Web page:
When we look at the national political situation in the U.S., the picture is grim. The Republican-dominated U.S. Congress strongly favors the military and nuclear policies of the Trump administration. They are supported by the big weapons makers, who stand to make enormous profits as military spending on conventional and nuclear weapons and supplies generally rise for the next decades, if the NPR is fully implemented. There are hundreds of communities that benefit from the military-industrial complex, wherever there is a military base or installation or a military weapons weapons/supplier contractor. In addition, there are millions of vets who belong to various veterans’ organizations, organizations that typically can be counted on to support whatever increases in the military budget the president requests. You can include the National Rifle Association to be among the boosters. Then there are the untold number of ordinary Americans who just follow the lead of “the commander in chief,” especially when they have family members who are in military service.
Most people don’t have a clue on how much we have been spending on wars
There is another aspect of this huge socio-political-economic-military force that, if not effectively countered, would move us toward nuclear war. Stephanie Savell works for the Costs of War Project, which is housed at Brown University(http://tomdispatch.org/blog/176386). The goal of the project is “to draw attention to the hidden and unacknowledged costs of our counterterror wars in Afghanistan, Iraq, and a number of other countries as well.” The project has come up with a figure of the “actual cost” of the war on terror since 2001: $5.6 trillion. It continues to go up under Trump. It has also estimated the number of war-related deaths in Afghanistan, Pakistan, and Iraq. As of 2016, “about 14,000 American soldiers and contractors and 380,000 inhabitants of these countries had been killed” directly. Savell adds: “To these estimates, you have to add the deaths of at least 800,000 more Afghans, Iraqis, and Pakistanis from indirect causes related to the devastation caused by these wars, including malnutrition, disease, and environmental degradation.” The project has found that today the “U.S. military is…taking some sort of action against terrorism – a staggering 76 nations, or 40% of the countries on the planet.”
The media have not covered the projects reports. But there is a deeper, more disturbing reality, that is, “the lack of connection between the American public…and the wars being fought in our names in distant lands.” This is also largely true, I think, of all aspects of the military-industrial complex and of U.S. policies regarding nuclear weapons and war. This disconnection from the government’s war machine is in part related to how much of it is done in secrecy. Most citizens don’t know that we have troops in so many countries or how much we are spending on these enterprises. But there are other factors. Savell writes “the government demands nothing of the pubic, not even minimalist acts like buying war bonds (as in World War II), which would not only help offset the country’s growing debt from its war-making but might also generate actual concern and interest in those wars.” And, in the absences of a draft, most citizens do not have family members who have served in the military and even fewer who have had family members who have fought in combat and don’t have to worry personally about being drafted.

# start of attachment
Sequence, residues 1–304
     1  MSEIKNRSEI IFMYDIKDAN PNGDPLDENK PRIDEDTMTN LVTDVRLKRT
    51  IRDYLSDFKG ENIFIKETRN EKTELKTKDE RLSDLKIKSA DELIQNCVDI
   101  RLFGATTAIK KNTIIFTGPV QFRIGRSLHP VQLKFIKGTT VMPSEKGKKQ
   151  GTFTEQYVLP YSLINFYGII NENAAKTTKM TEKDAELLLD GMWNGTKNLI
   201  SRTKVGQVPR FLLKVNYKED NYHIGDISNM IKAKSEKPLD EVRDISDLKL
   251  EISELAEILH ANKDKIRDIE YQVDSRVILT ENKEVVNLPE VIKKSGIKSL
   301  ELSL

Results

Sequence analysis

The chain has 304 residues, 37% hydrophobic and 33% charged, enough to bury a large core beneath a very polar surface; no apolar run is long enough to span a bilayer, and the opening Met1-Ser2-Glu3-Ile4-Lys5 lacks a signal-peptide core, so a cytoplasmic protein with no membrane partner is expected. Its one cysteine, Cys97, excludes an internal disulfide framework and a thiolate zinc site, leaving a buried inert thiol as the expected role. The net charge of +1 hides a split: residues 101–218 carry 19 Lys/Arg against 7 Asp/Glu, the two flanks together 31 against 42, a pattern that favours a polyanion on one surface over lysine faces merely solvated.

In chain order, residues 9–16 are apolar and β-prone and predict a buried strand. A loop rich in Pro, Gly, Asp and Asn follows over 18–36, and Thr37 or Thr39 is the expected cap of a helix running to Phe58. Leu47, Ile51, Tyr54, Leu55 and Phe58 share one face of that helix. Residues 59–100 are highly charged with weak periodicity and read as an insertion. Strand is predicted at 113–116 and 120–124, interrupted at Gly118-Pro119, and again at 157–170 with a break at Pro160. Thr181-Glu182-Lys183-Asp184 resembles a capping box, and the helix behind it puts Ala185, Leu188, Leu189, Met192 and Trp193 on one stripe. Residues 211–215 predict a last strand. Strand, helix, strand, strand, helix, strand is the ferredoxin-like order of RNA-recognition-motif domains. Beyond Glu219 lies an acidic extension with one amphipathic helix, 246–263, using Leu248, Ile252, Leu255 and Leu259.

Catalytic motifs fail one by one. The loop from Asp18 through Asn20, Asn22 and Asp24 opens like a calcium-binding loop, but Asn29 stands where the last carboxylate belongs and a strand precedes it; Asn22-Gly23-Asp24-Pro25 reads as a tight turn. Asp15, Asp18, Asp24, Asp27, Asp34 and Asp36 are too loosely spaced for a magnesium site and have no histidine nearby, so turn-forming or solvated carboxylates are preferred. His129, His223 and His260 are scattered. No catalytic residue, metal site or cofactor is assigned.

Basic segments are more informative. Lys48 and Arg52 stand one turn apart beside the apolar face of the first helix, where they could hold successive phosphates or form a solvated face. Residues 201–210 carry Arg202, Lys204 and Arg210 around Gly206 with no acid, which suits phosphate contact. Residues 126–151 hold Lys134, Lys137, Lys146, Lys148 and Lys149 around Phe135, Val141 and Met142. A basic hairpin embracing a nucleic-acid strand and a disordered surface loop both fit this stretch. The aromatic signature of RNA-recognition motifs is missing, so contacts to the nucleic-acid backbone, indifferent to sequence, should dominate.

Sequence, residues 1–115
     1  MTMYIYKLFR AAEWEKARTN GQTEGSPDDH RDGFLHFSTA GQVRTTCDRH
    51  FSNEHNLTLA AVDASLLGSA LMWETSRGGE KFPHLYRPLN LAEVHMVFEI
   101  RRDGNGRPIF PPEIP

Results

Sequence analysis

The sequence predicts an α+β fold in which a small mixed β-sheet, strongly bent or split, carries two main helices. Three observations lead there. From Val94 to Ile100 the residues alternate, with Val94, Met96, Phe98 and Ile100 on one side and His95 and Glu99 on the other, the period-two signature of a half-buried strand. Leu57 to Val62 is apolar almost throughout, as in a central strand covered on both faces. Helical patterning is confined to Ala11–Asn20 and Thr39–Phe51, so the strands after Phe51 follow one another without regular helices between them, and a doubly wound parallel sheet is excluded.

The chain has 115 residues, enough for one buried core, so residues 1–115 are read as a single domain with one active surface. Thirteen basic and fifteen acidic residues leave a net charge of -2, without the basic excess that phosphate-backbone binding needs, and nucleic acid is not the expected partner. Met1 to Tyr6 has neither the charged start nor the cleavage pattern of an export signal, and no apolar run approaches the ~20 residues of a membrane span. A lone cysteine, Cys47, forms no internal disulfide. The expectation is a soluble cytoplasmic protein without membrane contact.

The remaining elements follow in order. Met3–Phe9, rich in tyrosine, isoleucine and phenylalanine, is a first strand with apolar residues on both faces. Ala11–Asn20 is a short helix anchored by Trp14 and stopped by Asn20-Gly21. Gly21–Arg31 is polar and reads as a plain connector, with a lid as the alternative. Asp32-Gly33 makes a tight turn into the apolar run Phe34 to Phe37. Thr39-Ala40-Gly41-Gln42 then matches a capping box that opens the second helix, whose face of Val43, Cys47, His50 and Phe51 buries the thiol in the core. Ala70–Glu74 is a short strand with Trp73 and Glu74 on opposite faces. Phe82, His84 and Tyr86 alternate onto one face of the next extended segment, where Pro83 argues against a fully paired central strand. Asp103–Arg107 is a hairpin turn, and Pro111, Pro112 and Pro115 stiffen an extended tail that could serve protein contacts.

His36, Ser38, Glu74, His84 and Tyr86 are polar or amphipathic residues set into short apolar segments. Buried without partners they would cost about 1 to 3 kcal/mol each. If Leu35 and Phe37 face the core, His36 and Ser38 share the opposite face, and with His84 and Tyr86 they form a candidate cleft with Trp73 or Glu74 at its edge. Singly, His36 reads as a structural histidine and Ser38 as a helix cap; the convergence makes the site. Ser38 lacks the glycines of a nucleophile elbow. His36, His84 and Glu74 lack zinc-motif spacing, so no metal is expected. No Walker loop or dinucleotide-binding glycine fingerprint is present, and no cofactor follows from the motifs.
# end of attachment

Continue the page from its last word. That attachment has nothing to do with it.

Lawrence Wittner picks up on this issue and addresses the question germane to this email, “Why is There So Little Popular Protest Against Today’s Threats of Nuclear War?” (https://original.antiwar.com/lawrence-wittner/2017/04/24/why-is-there-so-little-popular-protests-against-todays-threats-of-nuclear-war). He offers the following reasons:
“One factor is certainly the public’s preoccupation with other important issues, among them climate change, immigration, terrorism, criminal justice, civil liberties, and economic inequality.
“Another appears to be a sense of fatalism. Many people believe that Kim Jong Un [North Korea’s leader] and Trump are too irrational to respond to reason and too autocratic to give way to pubic pressure.
“Yet another factor is the belief of Americans and Europeans that their countries are safe from a North Korean [or other] attack. Yes, many people would die in a new Korean War, especially one fought with nuclear weapons, but they will be ‘only’ Koreans.
“In addition, many people credit the absence of nuclear war since 1945 to nuclear deterrence. Thus, they assume that nuclear-armed nations will not fight a nuclear war among themselves,” though the 2018 Nuclear Posture Review does identify Russia and China as adversaries.
“Finally – and perhaps most significantly – people are reluctant to think about nuclear war. After all, it means death and destruction at an unbearable level of horror. Therefore, it’s much easier to simply forget about it.”
So where does all this leave us?
We should recognize that we live in a highly militarized society that starts wars and continues expending vast resources on un-ending wars and that has a culture that celebrates them in inescapable and myriad displays of patriotism – holidays, sporting events, many other public events, and at schools, along with a media that often reinforces this culture. It also seems reasonable that U.S. foreign policy, war-making, military occupations, special-forces deployments, and weapons sales abroad have played a major role in creating the alienation and despair that, at least in part, create the conditions that feed the growth of terrorists groups and acts around the world.
The best we can do, I suppose, is to seek the truth, support groups that work for peaceful resolutions to conflict, vote for candidates who offer alternatives to the prevalent militaristic policies of the government, and hope these efforts gain momentum and have real effects in our life time.